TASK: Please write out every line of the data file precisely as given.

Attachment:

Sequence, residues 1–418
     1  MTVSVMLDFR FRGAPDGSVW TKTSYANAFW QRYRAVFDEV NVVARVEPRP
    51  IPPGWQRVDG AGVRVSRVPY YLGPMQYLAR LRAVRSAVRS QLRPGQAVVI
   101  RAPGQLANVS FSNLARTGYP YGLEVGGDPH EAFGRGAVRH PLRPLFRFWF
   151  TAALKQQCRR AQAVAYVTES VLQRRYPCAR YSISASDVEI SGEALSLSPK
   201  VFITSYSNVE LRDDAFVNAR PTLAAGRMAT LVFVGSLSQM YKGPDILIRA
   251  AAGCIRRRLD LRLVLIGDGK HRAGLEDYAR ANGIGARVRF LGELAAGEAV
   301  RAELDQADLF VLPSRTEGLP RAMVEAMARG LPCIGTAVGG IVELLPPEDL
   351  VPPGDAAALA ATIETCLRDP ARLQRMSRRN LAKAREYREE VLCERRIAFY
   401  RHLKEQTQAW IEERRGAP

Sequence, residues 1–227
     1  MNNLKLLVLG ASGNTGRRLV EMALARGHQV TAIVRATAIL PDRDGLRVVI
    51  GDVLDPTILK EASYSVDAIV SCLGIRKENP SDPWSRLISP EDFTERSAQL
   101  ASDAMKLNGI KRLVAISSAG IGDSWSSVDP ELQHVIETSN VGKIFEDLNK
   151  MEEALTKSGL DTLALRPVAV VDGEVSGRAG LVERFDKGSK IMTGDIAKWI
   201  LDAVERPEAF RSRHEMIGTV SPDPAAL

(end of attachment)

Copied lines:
Sequence, residues 1–418
     1  MTVSVMLDFR FRGAPDGSVW TKTSYANAFW QRYRAVFDEV NVVARVEPRP
    51  IPPGWQRVDG AGVRVSRVPY YLGPMQYLAR LRAVRSAVRS QLRPGQAVVI
   101  RAPGQLANVS FSNLARTGYP YGLEVGGDPH EAFGRGAVRH PLRPLFRFWF
   151  TAALKQQCRR AQAVAYVTES VLQRRYPCAR YSISASDVEI SGEALSLSPK
   201  VFITSYSNVE LRDDAFVNAR PTLAAGRMAT LVFVGSLSQM YKGPDILIRA
   251  AAGCIRRRLD LRLVLIGDGK HRAGLEDYAR ANGIGARVRF LGELAAGEAV
   301  RAELDQADLF VLPSRTEGLP RAMVEAMARG LPCIGTAVGG IVELLPPEDL
   351  VPPGDAAALA ATIETCLRDP ARLQRMSRRN LAKAREYREE VLCERRIAFY
   401  RHLKEQTQAW IEERRGAP

Sequence, residues 1–227
     1  MNNLKLLVLG ASGNTGRRLV EMALARGHQV TAIVRATAIL PDRDGLRVVI
    51  GDVLDPTILK EASYSVDAIV SCLGIRKENP SDPWSRLISP EDFTERSAQL
   101  ASDAMKLNGI KRLVAISSAG IGDSWSSVDP ELQHVIETSN VGKIFEDLNK
   151  MEEALTKSGL DTLALRPVAV VDGEVSGRAG LVERFDKGSK IMTGDIAKWI
   201  LDAVERPEAF RSRHEMIGTV SPDPAAL